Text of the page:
Papers presented by Tsz Ho Wong since 2019

2023 Detroit, MI, United States

"The Capital Networks of the Wartime Japanese Empire’s Non-Ferrous Metal Industry "

Tsz Ho Wong, University of Edinburgh

Abstract:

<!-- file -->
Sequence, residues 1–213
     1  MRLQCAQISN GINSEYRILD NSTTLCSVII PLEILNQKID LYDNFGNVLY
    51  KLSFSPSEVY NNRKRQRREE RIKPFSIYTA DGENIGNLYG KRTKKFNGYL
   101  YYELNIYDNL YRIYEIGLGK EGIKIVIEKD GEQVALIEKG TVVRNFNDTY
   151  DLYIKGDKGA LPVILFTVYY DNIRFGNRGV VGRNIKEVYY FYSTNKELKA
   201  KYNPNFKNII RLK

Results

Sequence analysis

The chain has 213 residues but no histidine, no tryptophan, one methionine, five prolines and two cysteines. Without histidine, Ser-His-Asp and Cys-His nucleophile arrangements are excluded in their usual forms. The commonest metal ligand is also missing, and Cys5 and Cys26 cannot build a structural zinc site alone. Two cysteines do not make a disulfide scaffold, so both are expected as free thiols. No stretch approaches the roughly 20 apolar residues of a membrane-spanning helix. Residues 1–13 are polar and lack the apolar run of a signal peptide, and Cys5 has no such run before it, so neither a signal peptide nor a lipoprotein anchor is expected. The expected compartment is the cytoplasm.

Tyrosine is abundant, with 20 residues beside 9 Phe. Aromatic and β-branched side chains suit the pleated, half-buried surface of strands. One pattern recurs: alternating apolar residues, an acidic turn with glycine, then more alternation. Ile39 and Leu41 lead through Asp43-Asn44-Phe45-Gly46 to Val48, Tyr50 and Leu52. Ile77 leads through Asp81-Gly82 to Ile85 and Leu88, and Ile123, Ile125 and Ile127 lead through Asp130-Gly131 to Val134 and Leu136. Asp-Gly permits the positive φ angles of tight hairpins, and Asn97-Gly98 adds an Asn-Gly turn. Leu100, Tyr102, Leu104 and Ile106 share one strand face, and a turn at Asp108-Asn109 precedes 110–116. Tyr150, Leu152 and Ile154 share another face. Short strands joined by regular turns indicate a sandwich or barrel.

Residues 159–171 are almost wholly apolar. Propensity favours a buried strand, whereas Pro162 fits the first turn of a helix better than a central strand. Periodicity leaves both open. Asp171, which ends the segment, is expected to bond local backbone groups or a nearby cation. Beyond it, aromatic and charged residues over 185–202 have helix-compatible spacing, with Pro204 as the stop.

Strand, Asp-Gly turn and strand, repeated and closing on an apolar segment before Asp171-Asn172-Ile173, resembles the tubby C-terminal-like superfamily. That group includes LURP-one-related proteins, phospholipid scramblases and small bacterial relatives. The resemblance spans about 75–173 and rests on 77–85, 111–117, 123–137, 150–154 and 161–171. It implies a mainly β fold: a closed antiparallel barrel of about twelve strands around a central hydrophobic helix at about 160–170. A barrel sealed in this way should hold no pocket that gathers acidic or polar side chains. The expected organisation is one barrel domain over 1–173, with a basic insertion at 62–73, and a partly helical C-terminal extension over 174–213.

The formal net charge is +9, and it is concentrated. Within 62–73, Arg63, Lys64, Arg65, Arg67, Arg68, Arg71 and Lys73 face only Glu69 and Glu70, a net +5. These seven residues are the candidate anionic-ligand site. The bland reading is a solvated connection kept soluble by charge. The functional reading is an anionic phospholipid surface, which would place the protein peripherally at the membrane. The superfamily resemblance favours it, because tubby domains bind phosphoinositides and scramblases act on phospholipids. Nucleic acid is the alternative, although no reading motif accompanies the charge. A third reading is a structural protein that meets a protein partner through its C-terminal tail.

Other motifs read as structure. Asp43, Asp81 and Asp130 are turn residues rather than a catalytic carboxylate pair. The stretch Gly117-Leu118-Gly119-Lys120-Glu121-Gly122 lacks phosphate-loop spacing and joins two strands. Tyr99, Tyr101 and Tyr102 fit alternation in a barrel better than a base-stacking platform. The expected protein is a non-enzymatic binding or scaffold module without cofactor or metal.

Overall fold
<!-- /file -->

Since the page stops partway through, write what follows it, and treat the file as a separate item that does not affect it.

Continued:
Non-ferrous metals, including lead, zinc, copper, aluminium and magnesium, are essential for producing dual-use items, which were vital to maintain a flexible wartime economy. During wartime (1931-1945), Japan operated numerous mines to manufacture non-ferrous metals, and the production reached its zenith in the twilight of the Empire, for instance, lead yields consecutively increased from 25,832 tonnes in 1942 to 32,031 tonnes in 1943 and 33,670 tonnes in 1944. Yet, how did these mines operate, and more importantly, how was the operation shaped by and cooperated with the war economy and mobilisation? This research uses Japanese, American and British military, intelligence and governmental archives to survey the business operators of the Japanese non-ferrous metals production-related mines at its homeland, its occupied Taiwan, Chōsen, Manchuria, coastal China and its wartime colonies in Southeast Asia during the early 1940s, and reconstructs the capital networks of these operators by utilising yearbooks of share companies published by the securities companies at that time. This research suggests that a majority of mines were controlled by zaibatsu and its subordinate companies, whilst the major stockholders were other zaibatsu, aristocracies, imperial household-related bureaucrats and national policy companies (国策会社), and they together formed and consolidated a ‘star network’ (the centre and the periphery parts of the network, and the networks in these two parts, were well-connected) through cross ownerships and intermarriages. Intriguingly, the zaibatsu who operated or invested in non-ferrous metals industry, its subordinate companies and affiliated laboratories were also engaged in researching, developing and producing dual-use items, which was funded by other zaibatsu, aristocracies, imperial household-related bureaucrats and national policy companies. Therefore, this research utilises the non-ferrous metals industry as an example, illustrating the patterns of the capital networks of the wartime Japanese Empire’s dual-use items industries.

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